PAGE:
The number of vehicles on Phnom Penh’s roads are rapidly rising, increasing the need for greater road awareness, quality vehicle inspection standards and improved infrastructure. Words by Jessica Tana; cover photo by Enric Català.
Grid-locked junctions, narrow roads dominated by large four-wheel drives, horns incessantly honking and fumes chugging into the air are increasingly becoming part of daily life in the Cambodian capital as the number of vehicles taking to the roads continues to swell.
And it may be about to get much worse as car registration in the country increases, coupled with largely dated infrastructure in the form of a network of pot-hole riddled roads, created for a time that pre-dates today’s modern capital.
“The roads in Phnom Penh are simply not big enough,” says Peter Brongers, president of Cambodia Automotive Industry Federation and BMW CEO, adding when he first came to Cambodia in 1994 the few cars on the road were limited to Land Cruisers mainly left over from the United Nations.
“The traffic is getting worse and worse every week. On a weekly basis, there are 1,200 cars imported into Cambodia. And most of these end up in the greater Phnom Penh area. That’s a lot for a small city with lousy infrastructure,” he adds.
According to Ministry of Public Works and Transport figures, in 2016 there were 37,500 new registrations for passenger cars. This brings the total number of registered vehicles on Cambodia’s roads to more than 3.6 million, including 537,459 cars and 3,132,361 motorbikes.
“For a rather small city, of nearly two million inhabitants, you have maybe an increase of 50,000 cars a year on the road. That’s quite significant,” says Audi director of operations, Antoine Jeanson.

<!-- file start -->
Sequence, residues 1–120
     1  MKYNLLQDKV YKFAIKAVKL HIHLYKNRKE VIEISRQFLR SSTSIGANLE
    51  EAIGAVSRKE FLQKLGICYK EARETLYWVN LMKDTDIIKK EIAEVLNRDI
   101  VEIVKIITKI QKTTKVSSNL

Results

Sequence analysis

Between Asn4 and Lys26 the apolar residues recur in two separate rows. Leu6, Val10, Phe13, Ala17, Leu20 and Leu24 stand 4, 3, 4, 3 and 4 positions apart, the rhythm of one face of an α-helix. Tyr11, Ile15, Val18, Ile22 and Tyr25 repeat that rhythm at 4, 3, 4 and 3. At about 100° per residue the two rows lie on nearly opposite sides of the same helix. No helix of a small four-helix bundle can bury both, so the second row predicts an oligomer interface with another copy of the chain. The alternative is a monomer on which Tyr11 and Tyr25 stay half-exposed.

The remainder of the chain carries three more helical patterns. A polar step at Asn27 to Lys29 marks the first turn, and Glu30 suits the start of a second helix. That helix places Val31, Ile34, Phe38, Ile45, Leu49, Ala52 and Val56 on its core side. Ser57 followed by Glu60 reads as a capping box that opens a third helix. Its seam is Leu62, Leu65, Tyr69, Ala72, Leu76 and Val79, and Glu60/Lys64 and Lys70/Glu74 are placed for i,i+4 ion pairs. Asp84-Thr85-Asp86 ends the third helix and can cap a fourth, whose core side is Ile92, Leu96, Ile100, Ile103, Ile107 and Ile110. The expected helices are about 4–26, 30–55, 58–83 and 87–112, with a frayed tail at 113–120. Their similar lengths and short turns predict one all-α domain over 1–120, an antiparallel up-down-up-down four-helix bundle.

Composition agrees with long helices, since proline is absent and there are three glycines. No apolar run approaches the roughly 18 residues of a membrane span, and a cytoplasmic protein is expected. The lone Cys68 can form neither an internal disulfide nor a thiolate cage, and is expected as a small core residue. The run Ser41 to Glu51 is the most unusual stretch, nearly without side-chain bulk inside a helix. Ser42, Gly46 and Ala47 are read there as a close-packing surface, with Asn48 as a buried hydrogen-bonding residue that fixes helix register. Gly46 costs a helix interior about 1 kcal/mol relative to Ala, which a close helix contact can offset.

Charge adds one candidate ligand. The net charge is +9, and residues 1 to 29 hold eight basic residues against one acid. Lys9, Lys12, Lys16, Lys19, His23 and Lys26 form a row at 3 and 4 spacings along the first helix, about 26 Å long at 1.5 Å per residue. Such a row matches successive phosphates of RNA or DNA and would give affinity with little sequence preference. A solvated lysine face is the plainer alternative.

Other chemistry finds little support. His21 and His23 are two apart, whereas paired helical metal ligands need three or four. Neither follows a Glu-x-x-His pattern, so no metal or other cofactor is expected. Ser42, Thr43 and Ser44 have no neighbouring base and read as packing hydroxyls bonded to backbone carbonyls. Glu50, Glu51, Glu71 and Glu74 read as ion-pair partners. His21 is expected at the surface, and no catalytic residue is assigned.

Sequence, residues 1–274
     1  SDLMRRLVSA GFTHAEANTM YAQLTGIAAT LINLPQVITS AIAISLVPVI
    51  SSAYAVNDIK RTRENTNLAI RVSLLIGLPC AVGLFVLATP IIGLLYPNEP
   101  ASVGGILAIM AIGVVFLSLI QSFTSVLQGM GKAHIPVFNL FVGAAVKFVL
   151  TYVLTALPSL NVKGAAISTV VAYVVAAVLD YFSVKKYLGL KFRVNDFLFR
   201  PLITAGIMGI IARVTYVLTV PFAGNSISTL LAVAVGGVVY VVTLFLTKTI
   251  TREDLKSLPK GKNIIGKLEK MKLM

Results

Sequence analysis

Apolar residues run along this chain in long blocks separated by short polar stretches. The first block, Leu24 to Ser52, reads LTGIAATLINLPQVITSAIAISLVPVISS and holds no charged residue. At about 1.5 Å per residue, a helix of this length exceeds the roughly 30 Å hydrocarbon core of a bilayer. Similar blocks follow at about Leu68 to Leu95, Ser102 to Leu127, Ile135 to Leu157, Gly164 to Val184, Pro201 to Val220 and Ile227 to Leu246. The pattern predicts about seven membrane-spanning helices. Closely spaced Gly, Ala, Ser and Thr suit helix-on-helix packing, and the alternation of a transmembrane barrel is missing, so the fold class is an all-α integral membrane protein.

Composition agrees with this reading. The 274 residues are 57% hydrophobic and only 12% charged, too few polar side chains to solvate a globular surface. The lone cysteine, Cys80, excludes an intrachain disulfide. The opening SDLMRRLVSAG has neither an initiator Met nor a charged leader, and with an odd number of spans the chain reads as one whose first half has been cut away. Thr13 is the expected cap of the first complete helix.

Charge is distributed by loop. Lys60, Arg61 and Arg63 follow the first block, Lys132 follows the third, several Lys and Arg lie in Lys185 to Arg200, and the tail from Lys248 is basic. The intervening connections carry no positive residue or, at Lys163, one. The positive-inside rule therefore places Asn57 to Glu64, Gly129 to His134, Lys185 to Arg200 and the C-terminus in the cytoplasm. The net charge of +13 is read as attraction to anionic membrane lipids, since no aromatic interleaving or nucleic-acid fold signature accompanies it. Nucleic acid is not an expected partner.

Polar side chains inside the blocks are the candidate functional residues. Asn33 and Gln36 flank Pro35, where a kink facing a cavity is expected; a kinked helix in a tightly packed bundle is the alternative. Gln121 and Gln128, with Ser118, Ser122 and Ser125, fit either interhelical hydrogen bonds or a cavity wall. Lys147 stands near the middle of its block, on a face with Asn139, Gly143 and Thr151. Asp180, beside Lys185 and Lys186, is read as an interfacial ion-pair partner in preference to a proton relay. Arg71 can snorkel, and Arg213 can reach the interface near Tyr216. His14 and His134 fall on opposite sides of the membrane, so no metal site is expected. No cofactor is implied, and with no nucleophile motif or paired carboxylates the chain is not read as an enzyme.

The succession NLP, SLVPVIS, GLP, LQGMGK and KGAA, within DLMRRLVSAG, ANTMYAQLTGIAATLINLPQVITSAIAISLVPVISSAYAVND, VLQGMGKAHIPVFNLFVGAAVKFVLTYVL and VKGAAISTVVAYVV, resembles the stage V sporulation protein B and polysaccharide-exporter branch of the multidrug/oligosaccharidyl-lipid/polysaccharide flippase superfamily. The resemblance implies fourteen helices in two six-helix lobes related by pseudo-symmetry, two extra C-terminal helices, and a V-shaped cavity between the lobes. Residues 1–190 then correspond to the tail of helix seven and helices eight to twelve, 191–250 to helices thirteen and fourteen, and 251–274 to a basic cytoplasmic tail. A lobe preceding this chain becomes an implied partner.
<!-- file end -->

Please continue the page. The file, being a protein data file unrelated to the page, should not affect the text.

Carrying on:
Despite this rising figure, the majority of new car registrations in Cambodia are not for new vehicles, with second-hand, imported cars making up 93 percent of total car sales.
“Within all these cars, the large majority are used cars, imported and registered here,” adds Jeanson. “The main source is the USA. They have the steering wheel on the same side, and the used car market in the US is very advantageous. You can get a second-hand car, with low mileage, for not that much money.”
Like many authorised car dealerships in the country, Brongers and Jeanson are concerned about the import of second-hand vehicles and unauthorised new vehicles, which are not properly inspected.
“There is the used car market, which is, as such, not illegal,” explains Jeanson. “Then you have the new car market, that is not coming through the official market. This is what can be called the Grey Market. In Cambodia, the only inspection cars go through is performed during registration to check whether lights are working, there are four wheels and the car can be driven.”